Croix de Guerre – Magpie Tales

frampton, meredith, a game of patience 1937

A Game of Patience, 1937, Meredith Frampton

‘They don’t know who I am,’ thinks Sarah, placing the cards deliberately, slowly, carefully on the table in front of her. The waiter walks past with a tray of drinks. He is heading to the back room, the private room, which hasn’t been available to anyone but a select few for several months. It is what it is, for now.

“Mademoiselle Dupont?”

The voice is firm and confident. Good, he has belief.

“Oui, Monsieur Levillaine. But please, call me Elodie.” She gesticulates to the chair opposite her, sweeps the playing cards together and returns them to their tattered cardboard case.

“And please, call me Guillaume.”

He takes a seat, places his newspaper on the table, a half-smile playing around his lips. He is handsome, with a five o’clock shadow just beginning to show even at this early hour. It covers the light scar creasing his jaw line from earlobe to chin – the scar that Sarah knows so well.

Drinks are brought to the table and sipped, and desultory conversation follows. The streetlights glow as evening descends. The men in the private room prepare to leave, chairs scrape the parquet floor as they gather scarves, coats and hats. The mood appears to be light, oiled by brandy. They have no reason to be serious or concerned, after all.

Her guest takes his leave just before the private room empties. He places his hat on his head at a jaunty angle as she stands and they faire la bise – one, two, three – then he is gone.

The grey-uniformed men flow past, paying no attention to the quiet woman sitting at the corner table, reading Le Figaro intently.

The pack of playing cards is safely ensconced in her guest’s coat pocket. The next link in the chain is complete.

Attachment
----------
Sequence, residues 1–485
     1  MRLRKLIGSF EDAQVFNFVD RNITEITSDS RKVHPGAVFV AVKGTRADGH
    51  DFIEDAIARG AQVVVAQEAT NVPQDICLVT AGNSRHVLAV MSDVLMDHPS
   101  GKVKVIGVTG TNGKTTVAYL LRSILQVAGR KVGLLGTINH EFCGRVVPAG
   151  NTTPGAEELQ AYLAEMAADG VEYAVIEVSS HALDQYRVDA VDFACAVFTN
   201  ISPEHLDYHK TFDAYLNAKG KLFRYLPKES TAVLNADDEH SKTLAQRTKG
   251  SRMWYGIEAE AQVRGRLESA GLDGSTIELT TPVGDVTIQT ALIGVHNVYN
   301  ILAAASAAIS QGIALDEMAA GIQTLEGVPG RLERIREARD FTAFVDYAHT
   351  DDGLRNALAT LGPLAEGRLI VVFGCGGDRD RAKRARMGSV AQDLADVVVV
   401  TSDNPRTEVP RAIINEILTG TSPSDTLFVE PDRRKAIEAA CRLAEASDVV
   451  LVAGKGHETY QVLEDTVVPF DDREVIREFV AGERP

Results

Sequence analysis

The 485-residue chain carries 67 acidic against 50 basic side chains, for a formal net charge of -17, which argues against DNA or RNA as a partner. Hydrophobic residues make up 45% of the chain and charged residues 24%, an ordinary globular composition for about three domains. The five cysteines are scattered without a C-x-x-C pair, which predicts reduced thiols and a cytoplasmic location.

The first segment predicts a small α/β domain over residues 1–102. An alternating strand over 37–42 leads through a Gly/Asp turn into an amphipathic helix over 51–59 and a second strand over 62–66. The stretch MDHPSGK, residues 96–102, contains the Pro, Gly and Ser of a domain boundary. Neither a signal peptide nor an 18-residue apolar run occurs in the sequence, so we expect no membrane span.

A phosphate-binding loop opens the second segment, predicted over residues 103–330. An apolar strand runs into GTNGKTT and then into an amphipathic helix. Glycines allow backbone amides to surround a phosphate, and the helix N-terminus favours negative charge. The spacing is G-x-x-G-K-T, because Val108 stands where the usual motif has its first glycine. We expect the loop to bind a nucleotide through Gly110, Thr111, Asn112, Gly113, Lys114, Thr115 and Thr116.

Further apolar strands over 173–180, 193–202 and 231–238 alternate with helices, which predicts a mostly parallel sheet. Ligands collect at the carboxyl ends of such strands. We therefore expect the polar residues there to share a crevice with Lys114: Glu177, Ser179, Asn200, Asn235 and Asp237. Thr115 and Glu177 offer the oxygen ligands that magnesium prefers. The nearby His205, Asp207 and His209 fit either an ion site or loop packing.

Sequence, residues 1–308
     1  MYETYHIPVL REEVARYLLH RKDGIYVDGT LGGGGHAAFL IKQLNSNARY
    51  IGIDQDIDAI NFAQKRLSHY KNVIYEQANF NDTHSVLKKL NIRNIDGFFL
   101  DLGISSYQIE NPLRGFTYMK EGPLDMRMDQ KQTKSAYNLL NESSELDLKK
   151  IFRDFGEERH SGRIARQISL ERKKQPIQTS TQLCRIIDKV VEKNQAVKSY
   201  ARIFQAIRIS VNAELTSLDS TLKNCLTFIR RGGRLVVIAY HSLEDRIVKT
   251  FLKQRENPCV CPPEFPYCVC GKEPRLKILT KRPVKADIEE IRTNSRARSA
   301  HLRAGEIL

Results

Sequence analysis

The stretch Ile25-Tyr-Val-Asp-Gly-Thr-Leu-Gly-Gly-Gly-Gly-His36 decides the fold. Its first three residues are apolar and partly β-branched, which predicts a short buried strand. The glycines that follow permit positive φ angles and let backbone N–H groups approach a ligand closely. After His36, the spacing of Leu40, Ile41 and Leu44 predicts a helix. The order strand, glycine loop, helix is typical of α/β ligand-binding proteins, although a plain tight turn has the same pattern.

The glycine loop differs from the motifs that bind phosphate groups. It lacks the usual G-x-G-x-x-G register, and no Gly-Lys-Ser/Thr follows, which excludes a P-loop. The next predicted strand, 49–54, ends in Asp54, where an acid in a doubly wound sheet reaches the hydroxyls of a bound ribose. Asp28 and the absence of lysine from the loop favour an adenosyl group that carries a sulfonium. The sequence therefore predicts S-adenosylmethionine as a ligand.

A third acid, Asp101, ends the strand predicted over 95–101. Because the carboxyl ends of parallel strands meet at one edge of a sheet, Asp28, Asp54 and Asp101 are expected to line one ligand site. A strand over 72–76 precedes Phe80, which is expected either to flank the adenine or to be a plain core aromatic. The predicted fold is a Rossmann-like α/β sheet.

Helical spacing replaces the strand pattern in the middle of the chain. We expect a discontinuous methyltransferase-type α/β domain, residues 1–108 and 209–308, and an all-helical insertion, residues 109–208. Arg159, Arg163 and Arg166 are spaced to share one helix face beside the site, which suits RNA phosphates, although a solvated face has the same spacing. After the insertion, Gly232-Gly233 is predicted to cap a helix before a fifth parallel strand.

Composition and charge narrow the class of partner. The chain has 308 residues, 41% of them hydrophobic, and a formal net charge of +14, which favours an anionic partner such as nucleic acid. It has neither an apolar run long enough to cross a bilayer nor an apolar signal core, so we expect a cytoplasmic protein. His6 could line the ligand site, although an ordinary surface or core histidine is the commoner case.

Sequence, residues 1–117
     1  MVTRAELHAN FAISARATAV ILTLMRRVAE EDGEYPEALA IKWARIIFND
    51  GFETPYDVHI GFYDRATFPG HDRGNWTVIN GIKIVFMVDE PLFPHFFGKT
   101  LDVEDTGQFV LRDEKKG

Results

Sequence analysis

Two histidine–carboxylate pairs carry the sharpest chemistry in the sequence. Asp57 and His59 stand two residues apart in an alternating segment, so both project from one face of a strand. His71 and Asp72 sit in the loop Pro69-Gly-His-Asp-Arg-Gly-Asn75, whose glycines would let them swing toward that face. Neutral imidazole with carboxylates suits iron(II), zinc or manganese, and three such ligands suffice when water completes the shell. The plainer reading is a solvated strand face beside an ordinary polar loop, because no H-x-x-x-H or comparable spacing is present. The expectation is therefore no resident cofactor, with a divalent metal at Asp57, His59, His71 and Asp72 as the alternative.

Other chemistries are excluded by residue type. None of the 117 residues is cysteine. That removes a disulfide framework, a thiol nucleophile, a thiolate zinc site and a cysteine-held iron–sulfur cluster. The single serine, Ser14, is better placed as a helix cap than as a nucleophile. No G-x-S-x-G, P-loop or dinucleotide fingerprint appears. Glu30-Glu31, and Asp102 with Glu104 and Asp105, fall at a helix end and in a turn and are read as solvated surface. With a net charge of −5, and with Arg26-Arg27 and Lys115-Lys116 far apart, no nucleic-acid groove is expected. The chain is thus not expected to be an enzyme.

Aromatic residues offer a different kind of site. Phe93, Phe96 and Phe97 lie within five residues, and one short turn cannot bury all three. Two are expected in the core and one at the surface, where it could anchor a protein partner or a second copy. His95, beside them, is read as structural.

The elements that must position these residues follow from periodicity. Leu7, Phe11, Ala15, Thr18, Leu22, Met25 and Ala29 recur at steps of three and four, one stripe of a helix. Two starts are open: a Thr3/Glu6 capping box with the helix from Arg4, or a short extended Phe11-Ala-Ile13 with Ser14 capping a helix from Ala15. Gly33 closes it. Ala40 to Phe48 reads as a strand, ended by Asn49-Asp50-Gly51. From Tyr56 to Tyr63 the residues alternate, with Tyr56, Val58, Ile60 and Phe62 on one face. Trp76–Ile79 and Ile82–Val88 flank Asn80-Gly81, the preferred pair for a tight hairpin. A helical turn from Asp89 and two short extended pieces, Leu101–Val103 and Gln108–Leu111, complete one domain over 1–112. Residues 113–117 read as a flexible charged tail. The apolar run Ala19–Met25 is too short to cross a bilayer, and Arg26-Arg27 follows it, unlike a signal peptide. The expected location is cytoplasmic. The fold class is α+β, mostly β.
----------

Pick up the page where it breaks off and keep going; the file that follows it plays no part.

The man stands outside in the shadows, lights a Gauloise, watching his wife through the windows of the restaurant. He has never been more proud, never been more afraid for her.

Hidden in plain sight is a dangerous, dangerous game, even in these desperate times.


Here’s my latest entry to Magpie Tales. I’ve not heard of this artist before but I do love this painting. I have no idea why my mind went to World War Two and the Special Operations Executive – but there you are. She just looked like she was waiting for something.

I hope you enjoy it – and please do visit Magpie Tales for more poetry and prose!


magpie tales statue stamp 185

dVerse – The snobbery of books

I wonder –
is there a certain cachet
to be gained from being seen
holding some vast tome
in your aching hands,
arms held just so,
biceps straining under the weight?
Such dedication requires admiration,
for the sheer girth surely reflects
the capacity and agility of the reader’s mind.

I wonder –
do men prefer to be seen
with several inches resting in their laps
– since as we all know, size matters –
even if the weighty article
shows no sign of ever having
been opened, not even to see
the name of the lucky recipient
of the heartfelt dedication
on the pristine pages within?

I wonder –